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Sewing Maternity Clothes

Sewing Maternity Clothes

Smart-looking maternity clothes can enhance the special glow of pregnancy. Even if you're a beginner, try sewing some for yourself and you'll discover what fun it can be.

My first serious sewing project--too long ago to mention--was a maternity top that looked like a tent. Maternity clothes have become a lot more stylish since then, with limitless fabric choices. And they are still easy to make, since fitting is minimal. Because you wear these garments for a relatively brief time, you needn't strive for perfection and durability. Instead, consider it an opportunity to try new colors and creative details.

In the first trimester, regular clothes are probably going to be fine. Those popular long dresses and jumpers, for instance, will easily disguise a growing tummy for a while. Then make a gradual transition to garments with a looser fit, especially in the waist. Try an easy fit t-shirt paired with elastic waist cotton knit capris or pants.

When you get into the last four months or so, you'll need to buy maternity patterns, so plan for the appropriate season. These special patterns do follow fashion trends, and some don't look much different from regular styles. Expectant mothers expand in five major areas--bust, waist, hips, crotch depth (distance from waist to the seam where pant legs meet), and front waist length. It's important to buy the same size pattern you'd normally choose, since maternity patterns have that extra ease built into areas where needed. Do the same alterations you routinely make, such as shortening, lengthening, adjusting for narrow shoulders, broad back, sleeves, etc.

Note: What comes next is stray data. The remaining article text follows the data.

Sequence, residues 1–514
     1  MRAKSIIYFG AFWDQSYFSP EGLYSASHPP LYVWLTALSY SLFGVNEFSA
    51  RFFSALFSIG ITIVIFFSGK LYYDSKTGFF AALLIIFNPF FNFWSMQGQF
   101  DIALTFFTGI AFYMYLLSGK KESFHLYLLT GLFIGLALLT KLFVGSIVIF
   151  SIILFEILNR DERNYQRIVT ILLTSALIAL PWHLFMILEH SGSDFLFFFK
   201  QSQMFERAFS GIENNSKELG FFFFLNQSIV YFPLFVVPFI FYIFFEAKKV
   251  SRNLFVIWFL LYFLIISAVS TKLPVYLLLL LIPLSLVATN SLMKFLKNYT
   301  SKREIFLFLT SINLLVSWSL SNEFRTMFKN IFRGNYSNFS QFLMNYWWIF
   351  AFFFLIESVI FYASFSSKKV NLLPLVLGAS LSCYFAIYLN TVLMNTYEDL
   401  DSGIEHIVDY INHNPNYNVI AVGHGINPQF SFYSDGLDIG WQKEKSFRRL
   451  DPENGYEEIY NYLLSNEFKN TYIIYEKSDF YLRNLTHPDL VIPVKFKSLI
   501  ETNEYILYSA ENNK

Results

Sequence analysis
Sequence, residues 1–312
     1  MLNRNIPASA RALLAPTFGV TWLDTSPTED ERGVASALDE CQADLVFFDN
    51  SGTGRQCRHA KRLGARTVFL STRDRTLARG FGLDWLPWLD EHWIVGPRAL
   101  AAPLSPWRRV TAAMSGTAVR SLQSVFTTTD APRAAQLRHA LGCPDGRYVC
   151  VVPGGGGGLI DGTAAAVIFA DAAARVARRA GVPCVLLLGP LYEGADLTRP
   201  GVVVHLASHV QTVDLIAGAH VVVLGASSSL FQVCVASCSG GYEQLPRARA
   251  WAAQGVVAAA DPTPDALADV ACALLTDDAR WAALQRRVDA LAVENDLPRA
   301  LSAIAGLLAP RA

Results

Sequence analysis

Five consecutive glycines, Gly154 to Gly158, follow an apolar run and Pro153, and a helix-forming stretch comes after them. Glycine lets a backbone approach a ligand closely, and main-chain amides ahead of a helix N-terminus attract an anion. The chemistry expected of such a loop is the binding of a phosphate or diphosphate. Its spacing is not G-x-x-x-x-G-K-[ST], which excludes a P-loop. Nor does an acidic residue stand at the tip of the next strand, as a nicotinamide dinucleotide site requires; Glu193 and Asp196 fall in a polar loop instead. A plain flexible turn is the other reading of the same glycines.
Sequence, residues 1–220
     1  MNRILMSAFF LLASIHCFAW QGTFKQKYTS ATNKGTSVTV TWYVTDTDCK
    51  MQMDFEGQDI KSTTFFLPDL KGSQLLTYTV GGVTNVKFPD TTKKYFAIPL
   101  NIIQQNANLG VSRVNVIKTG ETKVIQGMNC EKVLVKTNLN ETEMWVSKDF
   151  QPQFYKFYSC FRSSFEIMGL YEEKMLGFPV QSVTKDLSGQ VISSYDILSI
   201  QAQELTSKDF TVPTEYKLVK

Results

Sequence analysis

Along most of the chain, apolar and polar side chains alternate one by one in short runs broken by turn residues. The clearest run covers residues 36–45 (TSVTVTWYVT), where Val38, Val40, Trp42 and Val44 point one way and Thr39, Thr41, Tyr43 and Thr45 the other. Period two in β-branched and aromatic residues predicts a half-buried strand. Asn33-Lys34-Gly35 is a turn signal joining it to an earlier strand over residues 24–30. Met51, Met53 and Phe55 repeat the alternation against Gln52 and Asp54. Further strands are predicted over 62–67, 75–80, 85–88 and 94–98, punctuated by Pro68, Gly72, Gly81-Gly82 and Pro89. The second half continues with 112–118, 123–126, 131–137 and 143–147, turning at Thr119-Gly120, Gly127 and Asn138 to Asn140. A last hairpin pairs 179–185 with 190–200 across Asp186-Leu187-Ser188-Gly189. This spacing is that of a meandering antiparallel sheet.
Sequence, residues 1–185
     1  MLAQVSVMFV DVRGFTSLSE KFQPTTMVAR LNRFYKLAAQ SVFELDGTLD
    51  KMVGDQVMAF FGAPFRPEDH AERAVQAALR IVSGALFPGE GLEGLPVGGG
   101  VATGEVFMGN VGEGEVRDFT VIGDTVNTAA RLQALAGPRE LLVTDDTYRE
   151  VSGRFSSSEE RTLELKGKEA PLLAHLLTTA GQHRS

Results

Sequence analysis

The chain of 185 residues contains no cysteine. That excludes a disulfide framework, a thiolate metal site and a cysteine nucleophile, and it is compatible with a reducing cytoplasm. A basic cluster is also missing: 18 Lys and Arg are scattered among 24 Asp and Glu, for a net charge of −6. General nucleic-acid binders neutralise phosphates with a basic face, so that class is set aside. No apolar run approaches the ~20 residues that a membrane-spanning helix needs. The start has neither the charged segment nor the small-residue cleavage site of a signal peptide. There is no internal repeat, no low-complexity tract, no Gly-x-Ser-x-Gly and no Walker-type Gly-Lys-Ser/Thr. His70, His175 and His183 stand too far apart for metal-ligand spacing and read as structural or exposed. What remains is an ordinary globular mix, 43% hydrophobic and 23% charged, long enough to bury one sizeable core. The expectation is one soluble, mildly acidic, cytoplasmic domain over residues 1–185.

In general, use light to medium weight fabrics with at least some natural fiber in them, e.g. cotton blends, rayon challis and lightweight wools. Knits--any fiber--are especially comfortable. Avoid plaids, crosswise stripes and directional prints because maternity patterns often have extra length in the front and you don't want a distorted effect.

Pants are a must, whatever length you like. Don't buy a larger size, or the legs may be too wide. Instead, use a stretch panel in the tummy area and stick with your regular size. Be sure your top is long enough to pull down over that.

Moms-to-be in the workplace need to be especially particular about styles and fabrics. The selection of ready-to-wear may be limited in these garments, so "sewing your own" is the answer.

You'll want to focus on an understated look with clean lines. Interpreting the patterns in higher quality fabrics, solid color or subdued print will help achieve that. Look for simplicity of style. The jacket or tunic, paired with a skirt, can give the effect of a business suit. A one-piece straight dress is also appropriate, or try a jumper with crisp blouse or knit top. If the fabric is light enough, a swingy open jacket could be layered over it. Make a few boxy blazers or cardigan style jackets, and you'll feel just as professional as you did before. Try to coordinate your pieces as much as possible for maximum mileage with a limited wardrobe.


About The Author

Barbara Gash is a Bloomfield Hills, Mich.-based writer and sewing columnist for the Detroit Free Press.

The content on these pages is provided as general information only and should not be substituted for the advice of your physician.

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